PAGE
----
• a lamp easily turned off and on (the sole illumination in the room)
  • two handy players
  • one scorekeeper/storyteller (scorekeeping is optional, a player may act as scorekeeper, especially if the lamp has a foot-operated switch)
  • spectators (occupancy not to exceed fire marshall’s restrictions, of course) (also optional)

When the scorekeeper initiates darkness, each player opaquely forms one of three hand gestures in front of the lamp. At the count of three, the scorekeeper lets there be light, and the gesticulative shadows are writ large on the wall.

The so-called Rock is actually a Paperweight.

The so-called Paper is actually a Paper Doll (a butterfly, a bunny, a goat, or any other hand shadow figure the player desires)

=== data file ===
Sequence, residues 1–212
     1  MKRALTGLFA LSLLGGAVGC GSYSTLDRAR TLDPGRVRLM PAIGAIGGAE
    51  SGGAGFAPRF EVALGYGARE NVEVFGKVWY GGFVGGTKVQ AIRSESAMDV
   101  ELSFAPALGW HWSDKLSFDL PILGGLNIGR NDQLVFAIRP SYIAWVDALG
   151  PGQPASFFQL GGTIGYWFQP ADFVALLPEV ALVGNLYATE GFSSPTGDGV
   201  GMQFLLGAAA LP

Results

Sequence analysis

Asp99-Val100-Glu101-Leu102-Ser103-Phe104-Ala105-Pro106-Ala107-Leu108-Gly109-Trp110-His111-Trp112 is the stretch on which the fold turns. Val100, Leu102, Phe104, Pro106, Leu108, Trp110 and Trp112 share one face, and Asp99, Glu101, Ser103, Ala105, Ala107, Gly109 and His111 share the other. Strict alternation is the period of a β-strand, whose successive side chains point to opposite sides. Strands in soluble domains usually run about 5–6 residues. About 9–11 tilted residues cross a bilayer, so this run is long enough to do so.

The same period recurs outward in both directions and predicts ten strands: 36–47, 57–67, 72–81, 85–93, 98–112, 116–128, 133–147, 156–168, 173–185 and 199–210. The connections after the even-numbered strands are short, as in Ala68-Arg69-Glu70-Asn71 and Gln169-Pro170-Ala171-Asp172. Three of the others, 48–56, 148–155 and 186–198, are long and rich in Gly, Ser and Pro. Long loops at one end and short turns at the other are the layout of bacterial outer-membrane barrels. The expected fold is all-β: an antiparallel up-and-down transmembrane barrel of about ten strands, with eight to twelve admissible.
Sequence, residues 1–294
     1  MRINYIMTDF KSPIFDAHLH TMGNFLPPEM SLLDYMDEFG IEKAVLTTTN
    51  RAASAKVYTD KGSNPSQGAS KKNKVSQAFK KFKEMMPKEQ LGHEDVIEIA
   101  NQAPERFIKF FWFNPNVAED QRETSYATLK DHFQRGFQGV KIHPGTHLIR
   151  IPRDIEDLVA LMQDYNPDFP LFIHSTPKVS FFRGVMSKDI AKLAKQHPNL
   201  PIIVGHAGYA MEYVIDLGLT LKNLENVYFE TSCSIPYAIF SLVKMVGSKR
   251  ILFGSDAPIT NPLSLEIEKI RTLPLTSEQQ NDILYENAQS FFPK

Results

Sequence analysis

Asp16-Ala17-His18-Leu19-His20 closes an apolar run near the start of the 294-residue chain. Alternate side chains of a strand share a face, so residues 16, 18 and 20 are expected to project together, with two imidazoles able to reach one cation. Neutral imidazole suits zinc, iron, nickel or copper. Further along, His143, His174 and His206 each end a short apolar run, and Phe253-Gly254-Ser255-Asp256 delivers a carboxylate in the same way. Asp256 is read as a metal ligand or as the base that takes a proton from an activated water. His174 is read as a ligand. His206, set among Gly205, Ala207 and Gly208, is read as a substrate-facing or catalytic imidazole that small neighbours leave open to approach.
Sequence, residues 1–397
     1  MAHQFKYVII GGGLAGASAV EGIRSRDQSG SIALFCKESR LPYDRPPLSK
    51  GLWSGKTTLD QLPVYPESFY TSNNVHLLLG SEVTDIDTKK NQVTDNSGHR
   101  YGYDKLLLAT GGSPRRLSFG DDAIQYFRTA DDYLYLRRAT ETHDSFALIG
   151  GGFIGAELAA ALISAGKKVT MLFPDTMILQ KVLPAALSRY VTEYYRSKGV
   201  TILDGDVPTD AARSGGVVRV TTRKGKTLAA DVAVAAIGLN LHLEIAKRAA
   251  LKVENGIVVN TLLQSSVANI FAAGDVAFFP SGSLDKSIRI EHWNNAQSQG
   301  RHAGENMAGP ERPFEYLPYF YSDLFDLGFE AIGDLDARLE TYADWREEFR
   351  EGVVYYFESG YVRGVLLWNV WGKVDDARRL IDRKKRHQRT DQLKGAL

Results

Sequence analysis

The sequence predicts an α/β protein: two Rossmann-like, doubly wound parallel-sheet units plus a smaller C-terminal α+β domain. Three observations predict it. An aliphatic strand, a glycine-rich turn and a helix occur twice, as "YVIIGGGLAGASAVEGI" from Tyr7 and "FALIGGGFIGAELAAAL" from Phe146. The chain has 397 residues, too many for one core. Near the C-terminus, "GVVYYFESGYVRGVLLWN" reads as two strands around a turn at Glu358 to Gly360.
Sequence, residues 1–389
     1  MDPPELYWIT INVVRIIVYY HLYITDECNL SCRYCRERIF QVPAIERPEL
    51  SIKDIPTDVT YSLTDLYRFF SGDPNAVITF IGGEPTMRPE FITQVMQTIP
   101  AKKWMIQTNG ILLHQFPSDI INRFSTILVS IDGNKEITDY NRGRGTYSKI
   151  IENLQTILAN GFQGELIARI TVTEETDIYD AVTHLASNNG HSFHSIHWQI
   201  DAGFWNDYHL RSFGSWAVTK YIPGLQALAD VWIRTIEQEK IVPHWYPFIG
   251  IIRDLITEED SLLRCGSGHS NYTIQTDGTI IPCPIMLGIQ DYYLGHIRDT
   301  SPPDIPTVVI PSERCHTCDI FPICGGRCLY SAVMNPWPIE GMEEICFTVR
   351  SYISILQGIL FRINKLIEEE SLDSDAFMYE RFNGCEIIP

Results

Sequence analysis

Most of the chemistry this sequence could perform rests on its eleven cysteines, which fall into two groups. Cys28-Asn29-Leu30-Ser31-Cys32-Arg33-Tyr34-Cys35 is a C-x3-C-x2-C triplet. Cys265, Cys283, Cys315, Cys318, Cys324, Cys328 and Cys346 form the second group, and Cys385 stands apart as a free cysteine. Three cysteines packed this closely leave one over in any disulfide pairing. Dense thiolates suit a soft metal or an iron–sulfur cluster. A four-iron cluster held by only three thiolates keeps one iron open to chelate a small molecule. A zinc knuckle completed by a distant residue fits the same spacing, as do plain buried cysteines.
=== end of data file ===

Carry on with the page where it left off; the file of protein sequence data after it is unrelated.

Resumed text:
The so-called Scissors are still cutting blades, but let’s call them Snippers just to be different.

Traditional Game
Shadow Game
Paper covers the Rock
Paperweight sensibly covers the Paper Doll and the Paperweight wins.
Scissors cut the Paper
Paper Doll is born of the Snippers and the Paper Doll wins.
Rock crushes the Scissors
Paperweight *sharpens* the Snippers and the Snippers win.

As a mnemonic, Snippers *need* to be sharp in order to fulfill their destiny, Paper Dolls *need* to be snipped in order to take shape and fulfill their destiny, and Paperweights *need* to rest upon Paper Dolls because everyone requires downtime to flatten out, relax, and recharge so as to fulfill their destinies.

There are three possible ties. In the traditional game, these are simply ignored. In the Shadow Game, these are celebrated as follows:

Both players throw
Both players act out
Shadow boxing
Running with scissors
Paper Doll
The scorekeeper becomes a storyteller when two Paper Dolls grace the wall and interact as a shadow-puppetshow ensues